Remembering Donal Toolan, Steve Daunt reflects on how Donal shaped the way Steve and many other disabled people viewed themselves
I’m trying to think of the first time I met or saw Donal Toolan. I was sure it was it some demo or protest but then it came to me. He was on stage playing the Innkeeper in a very raucous university drama society version of the Nativity.
I had heard about the ‘guy in the wheelchair’ who could party with the best of them and there he was right in front of me. 1989? Seems like yesterday.
Monday... It’s a day anybody who knew Donal wished never happened as the man we knew and respected died. A chasm opened and we are left feeling alone.
Donal was a life force. Anybody who reads the Undaunted column will know I can go on and on about disabled people’s rights. Before I met Donal, I hadn’t thought about such things. Yes, like many other disabled people, I was rightly peed off with some of the crap we put up with but I wasn’t ready to ‘name’ the sense of hurt and lack of rights.
Donal changed all of that with the use of one simple word.
In 1990 he called a meeting to begin the establishment of the Forum OF people with disabilities. It wasn’t going to be FOR disabled people. It was a group OF disabled people, no matter what ‘impairment’ they had. No false barriers between us. We were a united group seeking all our rights.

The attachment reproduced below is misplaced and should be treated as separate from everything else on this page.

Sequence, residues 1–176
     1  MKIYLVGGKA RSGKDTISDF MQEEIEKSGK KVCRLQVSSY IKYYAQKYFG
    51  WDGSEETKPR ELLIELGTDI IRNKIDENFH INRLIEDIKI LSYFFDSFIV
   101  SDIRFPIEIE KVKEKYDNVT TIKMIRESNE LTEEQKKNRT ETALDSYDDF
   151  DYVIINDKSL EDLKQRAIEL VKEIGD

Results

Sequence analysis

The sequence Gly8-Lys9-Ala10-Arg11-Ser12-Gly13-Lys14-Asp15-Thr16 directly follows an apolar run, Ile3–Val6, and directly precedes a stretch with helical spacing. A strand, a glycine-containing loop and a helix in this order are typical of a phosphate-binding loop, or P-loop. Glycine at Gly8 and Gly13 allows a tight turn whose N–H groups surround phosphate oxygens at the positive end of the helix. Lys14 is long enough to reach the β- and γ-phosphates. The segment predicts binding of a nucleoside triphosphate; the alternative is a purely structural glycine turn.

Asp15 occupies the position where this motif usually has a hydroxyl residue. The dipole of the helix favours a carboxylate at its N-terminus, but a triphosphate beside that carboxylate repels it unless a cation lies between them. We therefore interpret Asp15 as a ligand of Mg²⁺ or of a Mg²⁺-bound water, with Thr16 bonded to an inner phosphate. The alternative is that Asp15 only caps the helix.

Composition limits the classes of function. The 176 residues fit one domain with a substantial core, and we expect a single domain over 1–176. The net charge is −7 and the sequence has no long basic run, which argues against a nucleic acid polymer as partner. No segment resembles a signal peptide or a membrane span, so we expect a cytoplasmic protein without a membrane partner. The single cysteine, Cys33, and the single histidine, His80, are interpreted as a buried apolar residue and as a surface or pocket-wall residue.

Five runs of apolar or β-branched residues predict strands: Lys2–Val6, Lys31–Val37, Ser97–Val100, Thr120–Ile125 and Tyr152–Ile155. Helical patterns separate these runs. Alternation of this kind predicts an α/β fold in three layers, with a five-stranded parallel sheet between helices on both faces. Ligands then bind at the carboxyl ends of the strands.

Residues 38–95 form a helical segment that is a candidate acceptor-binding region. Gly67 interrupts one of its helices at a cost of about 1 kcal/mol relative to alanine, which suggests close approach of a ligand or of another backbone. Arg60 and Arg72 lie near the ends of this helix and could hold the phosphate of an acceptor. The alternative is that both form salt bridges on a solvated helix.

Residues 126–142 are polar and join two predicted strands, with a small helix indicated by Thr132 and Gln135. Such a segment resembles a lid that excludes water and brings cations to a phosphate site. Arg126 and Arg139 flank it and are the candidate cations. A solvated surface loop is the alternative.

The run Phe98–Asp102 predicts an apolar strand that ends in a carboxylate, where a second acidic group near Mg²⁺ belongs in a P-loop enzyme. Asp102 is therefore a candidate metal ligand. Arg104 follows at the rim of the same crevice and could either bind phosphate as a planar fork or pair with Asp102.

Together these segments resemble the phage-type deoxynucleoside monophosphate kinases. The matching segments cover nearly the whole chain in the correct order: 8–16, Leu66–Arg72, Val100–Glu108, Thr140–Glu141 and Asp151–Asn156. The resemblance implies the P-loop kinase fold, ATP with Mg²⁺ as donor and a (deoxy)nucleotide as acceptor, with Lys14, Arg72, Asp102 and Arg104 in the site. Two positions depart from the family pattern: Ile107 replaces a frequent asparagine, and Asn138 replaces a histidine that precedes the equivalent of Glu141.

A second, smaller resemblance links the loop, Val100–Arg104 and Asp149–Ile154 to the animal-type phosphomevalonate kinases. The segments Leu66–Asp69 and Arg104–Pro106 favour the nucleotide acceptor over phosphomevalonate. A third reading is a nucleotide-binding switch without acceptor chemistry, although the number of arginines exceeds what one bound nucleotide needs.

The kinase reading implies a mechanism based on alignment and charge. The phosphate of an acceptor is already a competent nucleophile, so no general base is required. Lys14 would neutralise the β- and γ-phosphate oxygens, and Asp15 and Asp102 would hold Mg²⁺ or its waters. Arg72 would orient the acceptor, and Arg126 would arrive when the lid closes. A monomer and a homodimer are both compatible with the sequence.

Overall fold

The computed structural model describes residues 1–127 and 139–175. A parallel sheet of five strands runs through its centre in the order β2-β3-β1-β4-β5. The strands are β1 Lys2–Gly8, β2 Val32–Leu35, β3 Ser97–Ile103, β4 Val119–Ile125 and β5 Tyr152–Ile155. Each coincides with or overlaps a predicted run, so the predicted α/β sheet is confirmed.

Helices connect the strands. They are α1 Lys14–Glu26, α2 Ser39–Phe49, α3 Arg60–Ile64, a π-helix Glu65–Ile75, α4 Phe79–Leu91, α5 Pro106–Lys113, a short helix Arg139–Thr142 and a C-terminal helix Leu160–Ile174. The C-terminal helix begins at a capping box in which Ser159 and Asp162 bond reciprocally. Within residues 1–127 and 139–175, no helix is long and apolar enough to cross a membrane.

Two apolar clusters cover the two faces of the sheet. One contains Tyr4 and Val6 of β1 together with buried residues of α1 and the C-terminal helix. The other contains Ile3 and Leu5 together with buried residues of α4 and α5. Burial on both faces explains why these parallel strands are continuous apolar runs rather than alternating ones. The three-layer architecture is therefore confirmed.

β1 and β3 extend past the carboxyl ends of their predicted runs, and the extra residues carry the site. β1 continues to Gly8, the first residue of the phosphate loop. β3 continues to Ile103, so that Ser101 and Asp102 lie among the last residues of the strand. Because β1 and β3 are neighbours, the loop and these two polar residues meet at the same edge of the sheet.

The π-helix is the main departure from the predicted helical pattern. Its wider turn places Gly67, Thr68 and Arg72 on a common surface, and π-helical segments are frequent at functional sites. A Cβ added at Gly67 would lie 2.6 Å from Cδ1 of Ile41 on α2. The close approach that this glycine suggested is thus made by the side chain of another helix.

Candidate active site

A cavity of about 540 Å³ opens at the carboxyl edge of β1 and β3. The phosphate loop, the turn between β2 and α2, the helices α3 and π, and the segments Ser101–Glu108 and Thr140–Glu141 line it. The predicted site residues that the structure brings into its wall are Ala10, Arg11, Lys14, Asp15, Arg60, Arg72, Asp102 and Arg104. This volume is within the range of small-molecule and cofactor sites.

Younger readers might be thinking ‘so?’ but you have to remember that, back in the day, your wheelchair, your wobble, your deafness your blindness defined you. Donal changed that. He brought us all together with the aim of asserting our rights as Irish citizens.
There are so many memories from those early years but a joyous Saturday morning on Grafton St stands out... Donal had the fiendishly simple idea of handing out red balloons with the simple message ‘Rights not Charity’ printed on them. Everybody loves balloons and people flocked to us. Their initial reaction was to offer us money in exchange. By explaining why the balloon was free, we engaged people. Their perception changed.
That was Donal in a nutshell - creative, kind and politically astute.
So many memories, all tinged with a smile and one of his many accents.
Goodnight, sweet prince.
Thanks for everything you gave to Ireland.